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Spooky Season 2021: The Shining (1980)

TheShiningOriginally Published: October 8th 2019

What can be written about The Shining at this point? It’s a masterpiece directed by the legendary Stanley Kubrick that tells a horror story both in the mind and outside it. A haunted house film filled with psychological trauma. I didn’t want to put The Shining on this list but I haven’t seen it uncensored in a few years and wanted a film I knew was truly creepy. The film is easy to make fun of now with its somewhat racist and misogynist views, and boy, does Shelley Duvall continue to irritate me, but the horror is never diminished. It’s just as fascinating and worthy of being on your Halloween list, if not being the key film for All Hallow’s Eve.

Writer Jack Torrance (Jack Nicholson) moves his wife Wendy (Shelley Duvall) and young son Danny (Danny Lloyd) to the Overlook Hotel where he’s set to be the winter caretaker. The Overlook has a dark history after the last caretaker murdered his wife and children but Jack isn’t concerned. When Danny starts seeing ghostly apparitions and Jack slowly descends into madness it seems the Overlook’s past might be seeping into the new generation.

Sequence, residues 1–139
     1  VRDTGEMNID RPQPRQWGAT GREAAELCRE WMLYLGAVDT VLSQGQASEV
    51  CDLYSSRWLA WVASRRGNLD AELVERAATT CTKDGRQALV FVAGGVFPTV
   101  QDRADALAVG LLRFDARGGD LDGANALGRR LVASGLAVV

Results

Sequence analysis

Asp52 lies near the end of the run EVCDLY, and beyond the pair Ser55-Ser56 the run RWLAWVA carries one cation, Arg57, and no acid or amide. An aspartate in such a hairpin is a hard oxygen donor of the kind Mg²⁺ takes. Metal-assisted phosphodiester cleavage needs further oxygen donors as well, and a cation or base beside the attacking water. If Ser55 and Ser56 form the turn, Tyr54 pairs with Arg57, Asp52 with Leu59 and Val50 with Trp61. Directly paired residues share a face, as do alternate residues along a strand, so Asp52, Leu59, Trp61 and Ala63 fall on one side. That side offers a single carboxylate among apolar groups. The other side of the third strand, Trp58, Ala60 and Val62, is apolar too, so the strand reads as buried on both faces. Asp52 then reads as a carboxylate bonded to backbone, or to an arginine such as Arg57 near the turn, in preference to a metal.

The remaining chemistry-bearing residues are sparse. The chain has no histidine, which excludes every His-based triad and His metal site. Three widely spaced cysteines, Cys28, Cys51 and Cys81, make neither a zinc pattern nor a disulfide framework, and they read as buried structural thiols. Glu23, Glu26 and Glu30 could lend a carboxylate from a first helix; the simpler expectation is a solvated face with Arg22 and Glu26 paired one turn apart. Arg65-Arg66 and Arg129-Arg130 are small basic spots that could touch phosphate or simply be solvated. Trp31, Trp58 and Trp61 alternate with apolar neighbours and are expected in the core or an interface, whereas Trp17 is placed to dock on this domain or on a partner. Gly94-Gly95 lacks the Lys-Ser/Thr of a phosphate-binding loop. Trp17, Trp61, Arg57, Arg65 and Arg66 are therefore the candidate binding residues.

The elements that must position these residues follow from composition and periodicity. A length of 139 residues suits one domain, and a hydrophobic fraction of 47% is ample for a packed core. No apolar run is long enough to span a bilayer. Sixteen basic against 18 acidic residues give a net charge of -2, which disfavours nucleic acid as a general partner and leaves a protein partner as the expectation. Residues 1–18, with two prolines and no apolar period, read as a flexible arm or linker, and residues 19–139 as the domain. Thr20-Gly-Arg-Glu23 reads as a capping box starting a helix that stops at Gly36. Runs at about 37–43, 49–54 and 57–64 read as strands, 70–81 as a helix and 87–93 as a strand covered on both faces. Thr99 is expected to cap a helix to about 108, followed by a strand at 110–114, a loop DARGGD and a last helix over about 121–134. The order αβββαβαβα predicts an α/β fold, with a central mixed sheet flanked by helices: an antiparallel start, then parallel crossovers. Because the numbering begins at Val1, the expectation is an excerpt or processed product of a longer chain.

I understand fans who cite “it’s not the same as the novel” but I should disclose I’ve never read Stephen King’s original novel. I am, however, open to watching the four-hour miniseries if only because I hope Wendy is a better character. Let’s get some of the characterization out-of-the-way. Before I get in too deep let me say this will probably be a scattered review because there’s so much to discuss. Kubrick’s casting here is hit or miss. I adore Jack Nicholson in this role right off. This was his first leading role after One Flew Over the Cuckoo’s Nest in 1975 and he makes Jack Torrance his own; he’s frightening, funny, and utterly unpredictable and you can’t wait to go from scene to scene to watch what he does next. The only problem I have with his performance is you never don’t believe he’ll go mad. From the opening minutes with Nicholson’s angular eyebrows and his persona you know “Well, this guy is going to go crazy.” I have heard Torrance in the novel is supposed to be an unassuming man, and I think having someone who appears normal looking and didn’t have Nicholson’s persona of playing a manic lunatic could have been better. But who am I kidding? I love Nicholson in this role. Scatman Crothers is also amazing as the Overlook cook Dick Halloran.  Halloran is the epitome of the “mystical Negro” trope of literature and he come off as a stereotypical character but the way Crothers inhabits the character makes him sweet and charming.